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In the celebrated nature reserve of Kintulammi, Finland, architect Malin Moisio of Tampere-based architecture studio Arkkitehtitoimisto TILASTO has created the Kirkkokiven laavu — the Church Stone Shelter — as a free and welcome respite to hikers. Built mainly from wood and recycled materials, the minimalist and contemporary shelter was inspired by a large natural boulder located close by. The project’s name takes inspiration from the history of the boulder, which once served as a primitive church for local horse shepherds in the 18th century. Developed as part of a network of free shelters in the Kintulammi nature reserve, the Church Stone Shelter primarily serves as a place for rest and meal preparation rather than overnight stays. To improve accessibility, the hiking shelter can also be reached by a wheelchair-accessible path that leads from a nearby parking area. Related: Glowing, celestial-inspired shelter communes with nature in Denmark Constructed from a vertically placed 5-by-5-inch timber frame, the gable-roofed shelter, with its rectangular floor plan, evokes the image of a house with a hearth at its heart. This familiar form, combined with the predominant use of warm-toned timber, gives the shelter its welcoming and cozy quality, while its tall, vaulted ceiling recalls the sacral spaces of a church. Both gable ends are completely open to the outdoors to emphasize a fluid connection with nature; small windows of varying sizes provide carefully framed views of the forest. The use of timber, which is treated with a natural blend of tar and linseed oil, also helps blend the building into its wooded surroundings. The wooden walls were placed atop a plinth made of recycled paving stones. The steeply pitched roof is felted. “The building was developed in cooperation with the city-owned Ekokumppanit Oy and the Parish of Tampere who contributed to the building materials,” the architect said. “All the construction was done on site without electricity, mainly with hand tools. Within a short period of time, the Church Stone Shelter has become an iconic symbol of the Kintulampi Hiking and Nature Reserve.” + Arkkitehtitoimisto TILASTO Photography by Malin Moisio and Julia Kivela? via Arkkitehtitoimisto TILASTO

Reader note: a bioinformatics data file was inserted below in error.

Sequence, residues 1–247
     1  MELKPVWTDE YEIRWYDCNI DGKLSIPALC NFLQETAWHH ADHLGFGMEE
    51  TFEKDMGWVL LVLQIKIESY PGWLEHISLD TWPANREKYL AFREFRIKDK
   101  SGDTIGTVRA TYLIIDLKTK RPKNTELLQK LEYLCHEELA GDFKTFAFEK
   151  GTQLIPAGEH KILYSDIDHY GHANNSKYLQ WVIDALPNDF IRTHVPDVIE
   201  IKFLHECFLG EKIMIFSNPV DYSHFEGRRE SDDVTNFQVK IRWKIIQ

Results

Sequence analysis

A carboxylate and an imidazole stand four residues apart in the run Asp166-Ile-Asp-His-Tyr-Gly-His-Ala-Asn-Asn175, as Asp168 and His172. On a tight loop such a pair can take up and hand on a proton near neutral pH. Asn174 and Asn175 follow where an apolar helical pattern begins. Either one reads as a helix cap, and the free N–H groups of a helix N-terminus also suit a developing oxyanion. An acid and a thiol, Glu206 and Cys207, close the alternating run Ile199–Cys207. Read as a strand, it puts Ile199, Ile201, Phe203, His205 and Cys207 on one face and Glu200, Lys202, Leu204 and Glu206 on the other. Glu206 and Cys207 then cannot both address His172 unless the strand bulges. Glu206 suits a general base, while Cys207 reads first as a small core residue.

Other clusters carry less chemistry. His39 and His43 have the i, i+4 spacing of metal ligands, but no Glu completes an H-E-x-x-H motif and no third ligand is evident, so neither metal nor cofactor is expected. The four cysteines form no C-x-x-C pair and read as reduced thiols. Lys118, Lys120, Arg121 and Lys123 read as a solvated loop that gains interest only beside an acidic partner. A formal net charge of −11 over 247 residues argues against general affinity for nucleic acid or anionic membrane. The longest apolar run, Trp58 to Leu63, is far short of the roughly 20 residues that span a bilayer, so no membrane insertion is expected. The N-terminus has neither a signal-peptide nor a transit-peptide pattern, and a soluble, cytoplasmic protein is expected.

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Church Stone Shelter welcomes hikers in Finland

After COP21, shareholders lobby on behalf of climate

January 22, 2016 by  
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A shareholder initiative started by Walden Asset Management requests that oil and coal companies disclose lobbying activities and review their advocacy on energy policy and climate change.

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After COP21, shareholders lobby on behalf of climate

Malala Yousafzai Becomes Youngest Ever Nobel Peace Prize Laureate

October 10, 2014 by  
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17-year-old Malala Yousafzai has been named the youngest-ever Nobel Peace Prize Laureate , sharing the prize with Kailash Satyarthi for their work supporting the “struggle against the suppression of children and young people.” Yousafazai, a Pakistani teen who addressed the UN on her 16th birthday , is particularly well known for her advocacy of the rights of all children to an education, after she was shot in the head by the Taliban while on her way to school in 2012. Satyarthi, a 60-year-old Indian activist, works in the tradition of Mahatma Ghandi to lead peaceful protests that focus “on the grave exploitation of children for financial gain.” Missing Attachment Missing Attachment Read the rest of Malala Yousafzai Becomes Youngest Ever Nobel Peace Prize Laureate Permalink | Add to del.icio.us | digg Post tags: child labor , children's rights , education , Hindu , India , islam , kailash satyarthi , Malala Yousafzai , nobel , nobel peace prize , Pakistan , taliban , UN , United Nations

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Malala Yousafzai Becomes Youngest Ever Nobel Peace Prize Laureate

Greenpeace Puts Google, Cisco, Fujitsu at Top of Green IT Rankings

February 7, 2012 by  
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The fifth version of the advocacy group's Cool IT Leaderboard ranks global computing giants on their efforts to embrace renewable energy as well as push for global clean energy policies.

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Greenpeace Puts Google, Cisco, Fujitsu at Top of Green IT Rankings